Using data science to come out of Covid-19 stronger than the competition

If it isn’t difficult enough emerging from the current crisis and recovering your business to pre-pandemic market trading levels, there is a new threat to your business. Some of the smartest companies, as well as the emergence of some new start-ups, are using data science to help them reduce cost, automate processes, make more intelligent decisions and therefore emerge from this situation stronger and fitter than before. If you don’t accelerate your data science capabilities, there’s a good chance you’ll be left behind post Covid-19. Here are 7 steps to ensuring your data project helps you compete:

1. Define your leadership hypothesis

The first thing you should arrive at is a Leadership Hypothesis — how do the leadership believe the use of data science helps you to steer your business through these troubled waters? The focus for most companies should be on the Four C’s: cash generation, customer retention and cost management, and care of employees.

Whilst not every organisation is in the same situation, these are the areas likely to be most critical to support a business to recover and grow quickly. Will it all be about reducing cost through automation? Or more intelligent pricing decisions? Or increased acquisitions through more impactful marketing? Charging ahead with data science and AI without a consideration of how this might impact the business and support you will likely not succeed.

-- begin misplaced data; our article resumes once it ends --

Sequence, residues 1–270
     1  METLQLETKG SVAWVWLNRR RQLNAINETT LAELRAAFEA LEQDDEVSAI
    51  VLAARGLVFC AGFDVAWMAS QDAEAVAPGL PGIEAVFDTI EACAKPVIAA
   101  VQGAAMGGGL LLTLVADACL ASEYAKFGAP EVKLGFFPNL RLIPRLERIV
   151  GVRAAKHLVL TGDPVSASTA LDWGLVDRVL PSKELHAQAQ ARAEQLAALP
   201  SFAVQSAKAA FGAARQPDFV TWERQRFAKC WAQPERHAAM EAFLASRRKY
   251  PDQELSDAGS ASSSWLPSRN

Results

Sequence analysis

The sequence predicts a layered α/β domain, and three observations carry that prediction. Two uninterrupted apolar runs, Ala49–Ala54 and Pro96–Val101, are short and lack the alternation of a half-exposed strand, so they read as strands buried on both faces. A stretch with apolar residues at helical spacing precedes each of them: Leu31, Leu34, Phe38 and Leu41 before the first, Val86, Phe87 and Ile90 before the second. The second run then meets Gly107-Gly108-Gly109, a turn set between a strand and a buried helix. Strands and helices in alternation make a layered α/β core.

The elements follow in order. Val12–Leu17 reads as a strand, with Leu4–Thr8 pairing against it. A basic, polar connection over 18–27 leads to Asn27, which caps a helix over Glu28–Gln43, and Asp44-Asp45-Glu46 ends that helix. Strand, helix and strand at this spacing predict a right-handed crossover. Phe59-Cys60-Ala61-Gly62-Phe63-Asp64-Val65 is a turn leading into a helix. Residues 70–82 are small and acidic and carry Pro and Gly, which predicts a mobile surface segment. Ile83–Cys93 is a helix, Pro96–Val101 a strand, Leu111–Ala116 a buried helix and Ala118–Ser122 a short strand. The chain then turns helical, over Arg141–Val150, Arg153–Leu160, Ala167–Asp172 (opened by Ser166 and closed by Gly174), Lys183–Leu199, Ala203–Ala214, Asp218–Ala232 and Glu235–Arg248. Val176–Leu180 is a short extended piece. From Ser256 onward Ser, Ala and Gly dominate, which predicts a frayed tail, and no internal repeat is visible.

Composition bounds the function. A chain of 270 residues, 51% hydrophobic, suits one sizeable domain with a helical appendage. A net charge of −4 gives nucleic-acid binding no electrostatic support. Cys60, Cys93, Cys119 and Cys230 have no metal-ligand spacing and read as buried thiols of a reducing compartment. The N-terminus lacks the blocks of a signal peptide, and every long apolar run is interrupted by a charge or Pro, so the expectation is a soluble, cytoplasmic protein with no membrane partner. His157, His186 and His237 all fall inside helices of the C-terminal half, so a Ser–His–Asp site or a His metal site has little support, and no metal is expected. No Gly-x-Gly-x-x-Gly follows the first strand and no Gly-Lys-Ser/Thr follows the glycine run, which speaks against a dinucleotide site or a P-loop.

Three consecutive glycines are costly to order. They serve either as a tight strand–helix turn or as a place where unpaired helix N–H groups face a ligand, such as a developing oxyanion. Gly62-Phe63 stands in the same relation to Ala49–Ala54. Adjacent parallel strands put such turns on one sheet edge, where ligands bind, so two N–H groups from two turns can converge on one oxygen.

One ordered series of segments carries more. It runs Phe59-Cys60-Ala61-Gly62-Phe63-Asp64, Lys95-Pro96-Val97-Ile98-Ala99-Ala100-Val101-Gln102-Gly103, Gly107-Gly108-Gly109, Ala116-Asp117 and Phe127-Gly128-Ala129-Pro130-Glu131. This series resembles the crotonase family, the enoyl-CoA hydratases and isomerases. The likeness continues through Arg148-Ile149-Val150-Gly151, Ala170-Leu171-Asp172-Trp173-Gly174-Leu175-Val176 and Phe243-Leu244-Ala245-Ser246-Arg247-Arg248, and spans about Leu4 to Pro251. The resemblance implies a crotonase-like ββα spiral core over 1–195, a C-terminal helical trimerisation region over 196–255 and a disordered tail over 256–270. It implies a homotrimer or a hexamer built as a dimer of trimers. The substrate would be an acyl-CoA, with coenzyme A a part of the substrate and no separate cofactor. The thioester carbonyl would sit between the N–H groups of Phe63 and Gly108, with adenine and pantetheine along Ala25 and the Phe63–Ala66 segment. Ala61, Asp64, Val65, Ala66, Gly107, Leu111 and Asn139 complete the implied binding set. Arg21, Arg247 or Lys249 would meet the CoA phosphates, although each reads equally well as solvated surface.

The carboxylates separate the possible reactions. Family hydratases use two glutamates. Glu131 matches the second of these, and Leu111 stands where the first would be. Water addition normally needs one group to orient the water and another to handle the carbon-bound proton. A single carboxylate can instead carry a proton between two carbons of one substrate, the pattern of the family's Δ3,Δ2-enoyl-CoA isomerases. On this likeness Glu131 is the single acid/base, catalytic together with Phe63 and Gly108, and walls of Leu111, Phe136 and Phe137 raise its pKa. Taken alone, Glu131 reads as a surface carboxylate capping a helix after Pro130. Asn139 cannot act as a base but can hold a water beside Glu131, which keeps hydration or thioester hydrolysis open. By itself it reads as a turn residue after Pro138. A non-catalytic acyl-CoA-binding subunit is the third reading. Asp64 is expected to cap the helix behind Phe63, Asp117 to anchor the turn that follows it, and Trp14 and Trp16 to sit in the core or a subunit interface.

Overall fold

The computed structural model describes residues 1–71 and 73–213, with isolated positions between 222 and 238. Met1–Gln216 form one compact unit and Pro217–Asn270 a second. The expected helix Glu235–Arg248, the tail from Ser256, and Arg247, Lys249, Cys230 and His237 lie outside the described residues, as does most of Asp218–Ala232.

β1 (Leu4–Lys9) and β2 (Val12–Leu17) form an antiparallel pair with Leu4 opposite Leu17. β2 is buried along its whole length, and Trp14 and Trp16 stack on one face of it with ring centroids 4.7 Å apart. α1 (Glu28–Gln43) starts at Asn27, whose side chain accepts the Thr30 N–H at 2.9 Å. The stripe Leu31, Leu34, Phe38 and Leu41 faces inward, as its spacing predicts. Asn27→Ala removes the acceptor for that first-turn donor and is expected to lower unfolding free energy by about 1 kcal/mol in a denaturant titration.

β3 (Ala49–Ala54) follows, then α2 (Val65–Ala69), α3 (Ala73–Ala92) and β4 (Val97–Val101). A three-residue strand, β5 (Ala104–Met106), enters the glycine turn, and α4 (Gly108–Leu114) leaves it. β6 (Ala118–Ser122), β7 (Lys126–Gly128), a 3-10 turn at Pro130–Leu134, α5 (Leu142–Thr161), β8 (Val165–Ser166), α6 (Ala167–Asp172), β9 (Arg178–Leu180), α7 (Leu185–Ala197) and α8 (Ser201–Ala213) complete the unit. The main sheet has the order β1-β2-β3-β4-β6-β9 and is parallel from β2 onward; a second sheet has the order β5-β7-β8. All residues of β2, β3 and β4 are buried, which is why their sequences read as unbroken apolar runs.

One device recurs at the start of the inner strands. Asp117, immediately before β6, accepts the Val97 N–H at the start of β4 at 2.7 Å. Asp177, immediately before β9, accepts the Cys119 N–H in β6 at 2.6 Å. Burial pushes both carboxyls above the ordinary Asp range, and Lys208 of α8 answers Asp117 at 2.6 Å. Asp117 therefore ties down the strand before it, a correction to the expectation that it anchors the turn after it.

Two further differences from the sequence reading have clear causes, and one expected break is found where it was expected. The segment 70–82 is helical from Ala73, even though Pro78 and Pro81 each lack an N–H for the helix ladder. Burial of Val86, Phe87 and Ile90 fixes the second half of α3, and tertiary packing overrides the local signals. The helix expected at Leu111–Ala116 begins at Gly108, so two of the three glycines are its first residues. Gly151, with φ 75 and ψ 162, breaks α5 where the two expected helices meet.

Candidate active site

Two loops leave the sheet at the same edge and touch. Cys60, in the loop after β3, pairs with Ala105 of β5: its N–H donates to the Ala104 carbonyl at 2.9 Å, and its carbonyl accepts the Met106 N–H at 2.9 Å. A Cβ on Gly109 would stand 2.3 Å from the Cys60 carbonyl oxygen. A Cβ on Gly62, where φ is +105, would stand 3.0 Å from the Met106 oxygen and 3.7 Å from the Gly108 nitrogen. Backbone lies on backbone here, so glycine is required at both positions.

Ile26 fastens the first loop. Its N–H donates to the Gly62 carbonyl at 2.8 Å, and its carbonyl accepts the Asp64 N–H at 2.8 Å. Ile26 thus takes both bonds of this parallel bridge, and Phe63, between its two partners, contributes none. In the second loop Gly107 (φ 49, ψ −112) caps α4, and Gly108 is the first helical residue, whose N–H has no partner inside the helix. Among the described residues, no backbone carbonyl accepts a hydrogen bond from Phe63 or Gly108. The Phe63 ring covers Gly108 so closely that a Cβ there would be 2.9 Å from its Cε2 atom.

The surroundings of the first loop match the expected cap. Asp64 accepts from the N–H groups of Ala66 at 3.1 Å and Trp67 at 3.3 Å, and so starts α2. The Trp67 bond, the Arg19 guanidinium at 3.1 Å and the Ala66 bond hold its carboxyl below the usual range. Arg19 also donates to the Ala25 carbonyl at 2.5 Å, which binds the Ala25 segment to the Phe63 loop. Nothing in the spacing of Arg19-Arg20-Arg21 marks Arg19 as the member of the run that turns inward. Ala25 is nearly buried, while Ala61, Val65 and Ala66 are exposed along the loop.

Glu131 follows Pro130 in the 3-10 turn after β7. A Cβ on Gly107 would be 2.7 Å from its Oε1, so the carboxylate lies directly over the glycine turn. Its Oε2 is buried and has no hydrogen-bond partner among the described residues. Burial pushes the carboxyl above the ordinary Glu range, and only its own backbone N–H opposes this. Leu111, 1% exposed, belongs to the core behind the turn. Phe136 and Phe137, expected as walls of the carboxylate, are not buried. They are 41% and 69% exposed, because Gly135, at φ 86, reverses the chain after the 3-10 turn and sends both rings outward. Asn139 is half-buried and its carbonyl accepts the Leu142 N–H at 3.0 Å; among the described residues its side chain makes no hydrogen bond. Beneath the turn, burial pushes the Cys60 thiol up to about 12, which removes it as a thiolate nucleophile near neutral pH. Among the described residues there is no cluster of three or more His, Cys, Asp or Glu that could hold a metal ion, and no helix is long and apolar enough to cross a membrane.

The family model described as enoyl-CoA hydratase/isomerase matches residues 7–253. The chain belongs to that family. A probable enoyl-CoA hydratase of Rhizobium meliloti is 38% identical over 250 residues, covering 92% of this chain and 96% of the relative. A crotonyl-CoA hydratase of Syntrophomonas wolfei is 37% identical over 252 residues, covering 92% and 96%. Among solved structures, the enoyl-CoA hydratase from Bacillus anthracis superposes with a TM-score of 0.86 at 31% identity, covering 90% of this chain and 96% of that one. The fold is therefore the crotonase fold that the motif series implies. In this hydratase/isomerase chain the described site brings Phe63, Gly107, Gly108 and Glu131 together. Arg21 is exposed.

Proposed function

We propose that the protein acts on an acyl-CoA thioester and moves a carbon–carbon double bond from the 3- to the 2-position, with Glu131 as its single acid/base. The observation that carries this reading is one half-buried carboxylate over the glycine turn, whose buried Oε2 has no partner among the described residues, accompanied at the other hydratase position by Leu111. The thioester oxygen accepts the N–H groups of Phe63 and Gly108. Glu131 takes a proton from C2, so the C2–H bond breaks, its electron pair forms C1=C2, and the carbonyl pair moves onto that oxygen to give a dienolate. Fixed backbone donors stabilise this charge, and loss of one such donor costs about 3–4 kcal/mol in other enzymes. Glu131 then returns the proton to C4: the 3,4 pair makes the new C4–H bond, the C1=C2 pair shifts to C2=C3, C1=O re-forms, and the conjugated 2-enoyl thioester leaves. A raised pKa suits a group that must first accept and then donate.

2. Ensure your organisational culture is setting you up for success

Next, you need to start with the basics, and by this we mean start by changing your organisational culture to be more data savvy, whilst understanding the Leadership Hypothesis. To get the most value out of your data in order to help you compete, your organisation needs a clear leadership structure, defined and led by the person who leads your data initiatives — such as your chief data officer (CDO) — working directly with the board and senior executives.

Boards and execs need to start demanding more data from the business in order to make better decisions, and not just at C level, but throughout the organisation. This is where driving more value from data begins. Let’s face it, if the whole world can switch to working from home in less than a week, then instilling a data culture should be possible within a relatively short timeframe! The CDO should evangelise the opportunities for data science, explaining some of the best examples, and ways that data science can help. Coming out of this should be some knowledgeable business sponsors armed with their challenges.

Who hires the CDO — or does the chief data officer hire themselves?

Sooraj Shah asks who is in the unenviable position of having to hire for a completely new C-level position and whether they’re the right fit. Read here

3. Define your data science process

The next step is to enable business sponsors to know how to engage with data science. The business domain experts from across the business should come armed with their challenges. But to get the most out of data science capabilities, it’s important to have a clearly defined data science process so that the business can understand what help they can expect, where it will come from, and when.